The Time for The Judgment Has (Had!) Arrived!
The Divinely Appointed Time for the Judgment
In about 64 A. D. Peter said, “The time has come for the judgment to begin at the house of God, and if it first begin at us what will be the end of those who do not obey the gospel” (1 Peter 4:17). This verse challenges all modern doctrines of a future judgment. In fact, it falsifies them.
Peter said “the time has come.” The word translated as “time” is from kairos and means a divinely appointed or designated time. It is specific time as opposed to generic time. Earlier in that same generation the apostle Paul had said, “God has appointed a day in which he will (literally, is about to) judge the world” (Acts 17:30-31). Here is the appointed time Peter had in mind. And it will be noticed that Peter used the definite article. It is “the time”, not generic or unexpected time. It is the very time foretold.
The apostle said the time had come for “the judgment.” Unfortunately, some translations do not take note that the definite article appears before judgment. Peter was not saying a time had come for “a judgment.” It was the appointed time of “the judgment. What judgment did he have in mind?
Judgment Equals Divinely Appointed Time of The Resurrection
Linguistically, there is a powerful point to be made from 1 Peter 4.17. When Peter refers to “the judgment” he uses what is known as the anaphoric article. The anaphoric article is by far, the most common use of the article in the Greek. Simply stated, when a writer or speaker had introduced a subject, and then later used an article, then the article refers directly back to the previously introduced subject. In this case, “the judgment” of v. 17 therefore refers directly back to v. 5 where the apostle said Jesus was “ready to judge the living and the dead.” So, what the anaphoric article demands is that v. 17 is Peter’s inspired declaration that the divinely appointed time for the judgment of v. 5– which is nothing less than the resurrection!– had arrived! See my written debate with amillennialist Jerry McDonald, in which I made this point. It is stunning to read McDonald’s desperation as he sought– unsuccessfully– to negate the force of the anaphoric article.
In 1 Peter 1 he was eagerly anticipating the arrival of the salvation foretold by the Old Testament prophets. Those prophets had been told they were not predicting events for their day (1 Pet. 1:10-12). Peter said those OT prophets foretold “these days” (Acts 3:23-24). Peter said that anticipated salvation, that would come at the revelation of Jesus, was, when he wrote 2000 years ago, “ready to be revealed in the last time” (1 Pet. 1:5-7). And he emphatically said he was living in the last days (Acts 2:15f; 1 Pet. 1:18-20). In 1 Peter 4:5 the writer said that Jesus was, “ready to judge the living and the dead.” In verse 7 he said “the end of all things is at hand.”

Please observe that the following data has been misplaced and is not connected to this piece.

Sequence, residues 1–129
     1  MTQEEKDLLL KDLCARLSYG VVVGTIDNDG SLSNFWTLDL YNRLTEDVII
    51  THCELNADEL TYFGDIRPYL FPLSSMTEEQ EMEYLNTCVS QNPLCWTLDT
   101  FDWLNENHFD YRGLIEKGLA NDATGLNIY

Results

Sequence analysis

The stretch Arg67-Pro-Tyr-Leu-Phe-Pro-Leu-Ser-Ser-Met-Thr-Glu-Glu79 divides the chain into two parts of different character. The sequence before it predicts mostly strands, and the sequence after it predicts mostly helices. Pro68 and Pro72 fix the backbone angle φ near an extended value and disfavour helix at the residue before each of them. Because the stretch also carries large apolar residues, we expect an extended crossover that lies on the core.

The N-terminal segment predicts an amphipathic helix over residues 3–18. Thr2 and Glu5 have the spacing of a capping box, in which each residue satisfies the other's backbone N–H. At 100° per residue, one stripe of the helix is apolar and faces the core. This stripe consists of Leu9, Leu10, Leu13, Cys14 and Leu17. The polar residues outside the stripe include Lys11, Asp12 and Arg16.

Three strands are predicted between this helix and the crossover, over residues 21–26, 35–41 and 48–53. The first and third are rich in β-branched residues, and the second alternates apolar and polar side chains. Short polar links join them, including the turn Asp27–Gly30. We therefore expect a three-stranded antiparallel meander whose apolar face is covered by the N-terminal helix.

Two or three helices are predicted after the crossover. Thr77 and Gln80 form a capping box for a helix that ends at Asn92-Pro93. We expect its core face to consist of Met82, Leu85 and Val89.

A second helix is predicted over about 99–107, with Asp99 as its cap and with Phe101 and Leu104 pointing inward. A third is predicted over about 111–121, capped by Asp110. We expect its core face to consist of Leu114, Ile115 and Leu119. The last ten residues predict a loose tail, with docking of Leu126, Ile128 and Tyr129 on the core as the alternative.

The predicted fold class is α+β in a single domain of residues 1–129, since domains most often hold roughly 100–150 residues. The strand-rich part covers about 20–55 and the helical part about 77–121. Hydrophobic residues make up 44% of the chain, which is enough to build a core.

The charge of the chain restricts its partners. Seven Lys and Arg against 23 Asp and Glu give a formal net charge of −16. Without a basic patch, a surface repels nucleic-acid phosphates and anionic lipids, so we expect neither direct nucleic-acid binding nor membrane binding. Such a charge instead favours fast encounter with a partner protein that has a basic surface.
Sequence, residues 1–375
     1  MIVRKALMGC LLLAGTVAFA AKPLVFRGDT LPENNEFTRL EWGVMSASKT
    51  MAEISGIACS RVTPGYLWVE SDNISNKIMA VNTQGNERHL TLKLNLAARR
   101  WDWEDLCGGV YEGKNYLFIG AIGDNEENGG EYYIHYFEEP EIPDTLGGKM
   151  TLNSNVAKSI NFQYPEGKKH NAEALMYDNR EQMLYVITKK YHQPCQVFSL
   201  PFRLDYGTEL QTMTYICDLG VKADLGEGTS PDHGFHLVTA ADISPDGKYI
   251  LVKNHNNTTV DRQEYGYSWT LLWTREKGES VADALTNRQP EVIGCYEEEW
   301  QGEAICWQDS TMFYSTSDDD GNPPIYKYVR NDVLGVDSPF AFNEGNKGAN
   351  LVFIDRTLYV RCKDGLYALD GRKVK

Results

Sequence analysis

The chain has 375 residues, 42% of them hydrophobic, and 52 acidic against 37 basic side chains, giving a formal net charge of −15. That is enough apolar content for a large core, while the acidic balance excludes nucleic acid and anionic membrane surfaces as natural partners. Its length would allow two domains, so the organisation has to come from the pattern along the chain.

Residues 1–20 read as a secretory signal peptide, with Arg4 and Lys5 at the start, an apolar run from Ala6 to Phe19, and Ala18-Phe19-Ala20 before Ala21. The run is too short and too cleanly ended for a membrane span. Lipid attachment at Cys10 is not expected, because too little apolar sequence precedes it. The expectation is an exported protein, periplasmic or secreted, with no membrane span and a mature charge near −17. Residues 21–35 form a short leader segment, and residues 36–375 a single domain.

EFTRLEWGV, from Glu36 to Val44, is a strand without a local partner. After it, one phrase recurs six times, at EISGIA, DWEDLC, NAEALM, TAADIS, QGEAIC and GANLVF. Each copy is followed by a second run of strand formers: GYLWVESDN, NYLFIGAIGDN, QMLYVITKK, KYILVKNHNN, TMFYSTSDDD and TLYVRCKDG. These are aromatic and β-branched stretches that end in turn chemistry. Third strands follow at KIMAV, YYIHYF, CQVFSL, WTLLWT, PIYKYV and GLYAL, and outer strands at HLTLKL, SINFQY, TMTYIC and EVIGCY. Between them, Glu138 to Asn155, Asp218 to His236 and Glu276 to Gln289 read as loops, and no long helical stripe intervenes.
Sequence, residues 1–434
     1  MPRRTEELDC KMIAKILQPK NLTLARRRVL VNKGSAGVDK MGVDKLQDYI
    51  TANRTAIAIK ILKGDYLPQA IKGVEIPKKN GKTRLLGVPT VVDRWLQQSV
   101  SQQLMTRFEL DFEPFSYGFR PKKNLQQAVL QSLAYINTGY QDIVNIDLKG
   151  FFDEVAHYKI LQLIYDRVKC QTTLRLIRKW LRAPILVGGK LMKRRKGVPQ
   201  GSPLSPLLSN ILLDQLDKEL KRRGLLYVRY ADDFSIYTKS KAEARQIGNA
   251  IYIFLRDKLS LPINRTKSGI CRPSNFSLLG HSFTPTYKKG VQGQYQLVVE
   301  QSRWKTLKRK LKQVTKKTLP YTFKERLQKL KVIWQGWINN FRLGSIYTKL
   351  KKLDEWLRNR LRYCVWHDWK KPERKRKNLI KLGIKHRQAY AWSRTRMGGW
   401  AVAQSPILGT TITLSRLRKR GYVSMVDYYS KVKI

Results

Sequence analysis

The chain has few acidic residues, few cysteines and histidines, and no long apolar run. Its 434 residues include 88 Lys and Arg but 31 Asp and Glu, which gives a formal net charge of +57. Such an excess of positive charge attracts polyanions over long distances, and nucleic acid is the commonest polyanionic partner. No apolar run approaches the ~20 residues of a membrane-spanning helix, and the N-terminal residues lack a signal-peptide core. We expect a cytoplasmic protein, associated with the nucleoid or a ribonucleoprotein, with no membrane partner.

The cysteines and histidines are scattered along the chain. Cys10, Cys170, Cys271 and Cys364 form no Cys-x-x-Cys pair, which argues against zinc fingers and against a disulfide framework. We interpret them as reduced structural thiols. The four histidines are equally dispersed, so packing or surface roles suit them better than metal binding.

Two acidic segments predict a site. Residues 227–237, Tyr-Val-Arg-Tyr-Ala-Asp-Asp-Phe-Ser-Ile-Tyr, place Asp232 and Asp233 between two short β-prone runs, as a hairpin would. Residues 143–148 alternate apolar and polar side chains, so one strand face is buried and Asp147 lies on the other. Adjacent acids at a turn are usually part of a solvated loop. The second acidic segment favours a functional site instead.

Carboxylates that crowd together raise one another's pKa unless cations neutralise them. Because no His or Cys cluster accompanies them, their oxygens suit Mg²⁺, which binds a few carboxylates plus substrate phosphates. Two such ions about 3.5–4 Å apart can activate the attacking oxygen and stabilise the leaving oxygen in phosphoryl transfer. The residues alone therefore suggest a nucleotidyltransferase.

The Divinely Appointed Time of Judgment Has (Had!!) Come!
Isn’t “the end of all things” the time of the appointed judgment of the living and the dead, i.e. the resurrection? If not, then what is? Take note of the fact that Peter said the end of all things “has drawn near” (from eggeken, the perfect tense of engus). What had once not been near had, when Peter wrote, now drawn near. This indisputable linguistic fact is fatal to those who want to claim that “at hand” and “quickly” do not indicate imminence in the NT. There is no way to linguistically argue that “has drawn near” does not demand genuine, objective nearness. See my Can God Tell Time for an in-depth discussion of how God communicated in time words.
Peter was not predicting the end of time or material creation. See my book The Elements Shall Melt With Fervent Heat, for proof of this. He was predicting the coming of Jesus at the end of the Old Covenant Age in the fall of Jerusalem in A.D. 70. Jesus said he was coming in that generation (Matthew 24:29-34) and redemption would be brought at that time (Luke 21:20-28). Peter was writing later in that very generation and said Christ’s coming for redemption was at hand; the time had come!
Upon what basis do we today say the judgment has not occurred? Peter said the time for the judgment had arrived 2000 years ago! Was Peter wrong? Was he mistaken? Peter did not say, “I hope the time for the judgment has come.” He said it had arrived! If he was wrong he was not inspired! If you say that the time for the judgment had not come you are saying Peter was wrong.
Traditional concepts are difficult to change. But if we are going to be serious students of the Word we must accept its inspired decrees. If we are going to reverence God’s authority we must accept its decrees instead of our preconceived ideas. The question is: Was Peter right or wrong?